Thanks to Media Matters for these clips from Faux “News” back in 2008 (when Bush was President and gasoline prices were reaching record highs).
Following GOP strategy, Fox News is again blaming the Obama Administration for rising gas prices — a claim that has been repeatedly debunked by energy analysts. But back in the summer of 2008 when the average U.S. gasoline price hit a record high of $4.11, Fox said that “no President has the power to increase or to lower gas prices” and the only way to reduce our vulnerability to gas price spikes is to use less oil.
A few thoughts of my own on the “flip.”
Having worked at the U.S. Energy Information Administration for 17+ years as a senior world oil markets analyst, I can tell you that Faux “News” was a lot more correct back in 2008 than they are now. The fact is, oil prices are high because of a combination of: 1) surging world oil demand for years now, particularly in Asia; 2) very low world spare production capacity; 3) OPEC countries urgent need for high oil revenues to maintain their welfare states and keep their citizens from rebelling against their authoritarian/repressive regimes; 4) the continued fact that Americans consume huge quantities of oil to propel themselves around a sprawling pattern of development that may have made sense in the 1950s, but almost certainly doesn’t anymore; 5) a recovering world economy driving higher demand and, ceteris parabis, higher prices; 6) constraints on OPEC production for a number of reasons, including political problems, sanctions, etc; 7) a “risk premium” due to tension in the Middle East and elsewhere; etc.
So, what can a president do to affect any of this? Clearly, the answer is to work with Congress — if that’s possible, which it isn’t as long as oil-company-controlled Republican’ts are in charge, or are able to gum up the works — towards a serious U.S. energy policy (which we’ve never had) that puts us on a steep glidepath towards getting off of oil. And yes, we all know ways to do that: putting in place sharply higher CAFE standards; removing incentives for waste and inefficiency, while providing steep incentives for conservation and efficiency; internalizing the economic, national security, and environmental “externalities” in the price of fossil fuels (can be done in a “revenue neutral” way by cutting other taxes); switching our vehicle fleet as quickly as possible to electricity (generated by clean sources like wind and solar); invest in transit, rail, and “smart growth,” not in perpetuating sprawl, etc.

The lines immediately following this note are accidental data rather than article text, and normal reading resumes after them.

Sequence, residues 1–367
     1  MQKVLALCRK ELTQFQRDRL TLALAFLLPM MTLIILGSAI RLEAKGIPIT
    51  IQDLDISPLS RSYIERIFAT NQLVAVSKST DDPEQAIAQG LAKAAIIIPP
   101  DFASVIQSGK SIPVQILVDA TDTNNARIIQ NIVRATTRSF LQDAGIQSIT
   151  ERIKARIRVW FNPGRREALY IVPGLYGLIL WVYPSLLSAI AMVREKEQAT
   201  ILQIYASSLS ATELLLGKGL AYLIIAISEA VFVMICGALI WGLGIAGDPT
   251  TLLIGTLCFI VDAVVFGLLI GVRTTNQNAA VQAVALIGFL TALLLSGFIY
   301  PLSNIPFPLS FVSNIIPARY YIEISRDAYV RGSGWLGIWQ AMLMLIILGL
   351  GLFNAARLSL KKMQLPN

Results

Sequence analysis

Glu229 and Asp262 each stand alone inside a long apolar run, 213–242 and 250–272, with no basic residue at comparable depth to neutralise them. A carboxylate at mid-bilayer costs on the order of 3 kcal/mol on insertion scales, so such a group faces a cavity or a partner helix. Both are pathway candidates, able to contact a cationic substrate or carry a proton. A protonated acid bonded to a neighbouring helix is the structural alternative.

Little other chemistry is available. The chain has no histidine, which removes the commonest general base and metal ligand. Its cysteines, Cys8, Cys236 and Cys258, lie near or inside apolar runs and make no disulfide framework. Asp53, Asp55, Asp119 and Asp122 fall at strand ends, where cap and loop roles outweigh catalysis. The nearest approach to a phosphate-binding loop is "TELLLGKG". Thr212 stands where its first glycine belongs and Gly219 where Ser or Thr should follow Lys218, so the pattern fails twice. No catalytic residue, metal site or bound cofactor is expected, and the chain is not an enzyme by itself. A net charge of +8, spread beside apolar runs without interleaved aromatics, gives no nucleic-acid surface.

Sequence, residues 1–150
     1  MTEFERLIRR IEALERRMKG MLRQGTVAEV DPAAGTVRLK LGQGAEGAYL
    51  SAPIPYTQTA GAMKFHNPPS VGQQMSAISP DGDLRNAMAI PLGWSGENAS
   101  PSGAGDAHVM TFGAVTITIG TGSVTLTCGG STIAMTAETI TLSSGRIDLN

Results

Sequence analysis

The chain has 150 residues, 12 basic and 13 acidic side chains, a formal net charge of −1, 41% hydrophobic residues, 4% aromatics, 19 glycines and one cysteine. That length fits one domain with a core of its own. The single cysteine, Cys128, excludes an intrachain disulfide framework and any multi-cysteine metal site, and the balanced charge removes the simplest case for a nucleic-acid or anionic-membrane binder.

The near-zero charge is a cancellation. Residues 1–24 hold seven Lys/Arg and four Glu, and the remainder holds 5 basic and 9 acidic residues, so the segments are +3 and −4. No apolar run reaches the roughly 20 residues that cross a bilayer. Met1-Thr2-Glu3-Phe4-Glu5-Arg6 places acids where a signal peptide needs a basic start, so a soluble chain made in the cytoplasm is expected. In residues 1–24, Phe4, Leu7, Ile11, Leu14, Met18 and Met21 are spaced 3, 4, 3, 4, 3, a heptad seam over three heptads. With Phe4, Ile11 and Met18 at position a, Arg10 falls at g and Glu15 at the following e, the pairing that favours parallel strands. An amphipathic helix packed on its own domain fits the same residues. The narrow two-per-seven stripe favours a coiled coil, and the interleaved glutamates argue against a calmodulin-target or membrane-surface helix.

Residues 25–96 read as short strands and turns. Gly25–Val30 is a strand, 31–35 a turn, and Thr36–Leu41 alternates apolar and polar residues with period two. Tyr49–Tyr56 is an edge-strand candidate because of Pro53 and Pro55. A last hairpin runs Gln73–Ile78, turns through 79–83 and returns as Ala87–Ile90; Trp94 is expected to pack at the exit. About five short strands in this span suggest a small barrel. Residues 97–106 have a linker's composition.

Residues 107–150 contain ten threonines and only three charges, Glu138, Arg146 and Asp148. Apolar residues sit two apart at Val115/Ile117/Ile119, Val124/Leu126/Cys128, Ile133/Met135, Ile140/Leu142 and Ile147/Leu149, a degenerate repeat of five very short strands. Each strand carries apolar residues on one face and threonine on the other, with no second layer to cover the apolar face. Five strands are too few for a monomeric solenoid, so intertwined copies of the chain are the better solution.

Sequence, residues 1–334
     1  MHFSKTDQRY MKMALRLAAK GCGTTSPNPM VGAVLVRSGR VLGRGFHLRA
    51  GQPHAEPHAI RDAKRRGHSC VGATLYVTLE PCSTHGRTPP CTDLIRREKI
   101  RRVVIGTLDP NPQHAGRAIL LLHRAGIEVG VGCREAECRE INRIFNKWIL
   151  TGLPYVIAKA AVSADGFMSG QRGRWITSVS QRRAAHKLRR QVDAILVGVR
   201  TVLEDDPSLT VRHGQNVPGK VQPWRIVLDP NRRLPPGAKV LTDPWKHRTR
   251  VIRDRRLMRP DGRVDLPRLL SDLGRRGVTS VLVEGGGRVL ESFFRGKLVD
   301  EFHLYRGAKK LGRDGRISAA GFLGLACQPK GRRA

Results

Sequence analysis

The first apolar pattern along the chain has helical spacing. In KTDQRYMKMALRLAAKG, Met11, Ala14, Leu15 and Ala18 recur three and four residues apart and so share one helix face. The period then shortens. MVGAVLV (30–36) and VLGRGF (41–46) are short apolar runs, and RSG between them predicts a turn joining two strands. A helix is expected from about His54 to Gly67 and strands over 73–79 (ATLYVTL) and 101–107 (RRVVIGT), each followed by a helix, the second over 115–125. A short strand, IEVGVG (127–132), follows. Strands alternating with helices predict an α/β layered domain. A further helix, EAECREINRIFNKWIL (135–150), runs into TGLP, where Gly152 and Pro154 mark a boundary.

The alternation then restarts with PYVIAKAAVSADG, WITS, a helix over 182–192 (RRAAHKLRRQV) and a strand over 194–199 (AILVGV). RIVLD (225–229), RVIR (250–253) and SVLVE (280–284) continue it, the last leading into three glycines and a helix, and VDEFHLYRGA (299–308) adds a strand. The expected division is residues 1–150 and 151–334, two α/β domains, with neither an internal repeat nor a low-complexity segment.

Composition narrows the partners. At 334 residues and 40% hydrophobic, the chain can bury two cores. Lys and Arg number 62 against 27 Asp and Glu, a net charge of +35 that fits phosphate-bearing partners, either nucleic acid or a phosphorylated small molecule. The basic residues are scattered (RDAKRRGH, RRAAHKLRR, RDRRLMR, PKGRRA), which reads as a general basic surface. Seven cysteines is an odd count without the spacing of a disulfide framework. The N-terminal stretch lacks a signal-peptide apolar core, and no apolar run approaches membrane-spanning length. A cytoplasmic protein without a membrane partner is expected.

Of course, we don’t have this. Instead, we’ve got pandering demagogues like Newt Gingrich promising $2.50 per gallon gasoline, which is utterly absurd on so many levels it’s hard to know where to begin. For starters, I though Republicans believed in letting “the market” work? But now Gingrich wants to use the power of government to somehow (note that he doesn’t specify how, perhaps because he knows he can’t do it?) reduce gasoline prices quickly to $2.50 per gallon? Can he really be that stupid? And no, we can’t “drill our way out of it,” although we certainly can continue the trend we’ve seen during the Obama administration of modestly increased domestic oil production and reduced net oil imports. In the end, though, the United States accounts for around 22% of world oil consumption, but contains only 1.6% of proven world oil reserves. In other words, good luck with a “drill baby drill” strategy, even IF you totally don’t care about the environmental consequences. It simply isn’t the way to go — unless, of course, you’re ExxonMobil, the Koch brothers, or the Republican politicians they’ve purchased.